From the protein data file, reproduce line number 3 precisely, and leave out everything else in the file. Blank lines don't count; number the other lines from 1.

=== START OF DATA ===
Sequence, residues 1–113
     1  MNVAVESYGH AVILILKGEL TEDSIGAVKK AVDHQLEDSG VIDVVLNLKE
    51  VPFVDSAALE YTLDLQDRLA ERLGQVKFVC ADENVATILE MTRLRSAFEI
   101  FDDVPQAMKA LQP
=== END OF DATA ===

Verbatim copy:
    51  VPFVDSAALE YTLDLQDRLA ERLGQVKFVC ADENVATILE MTRLRSAFEI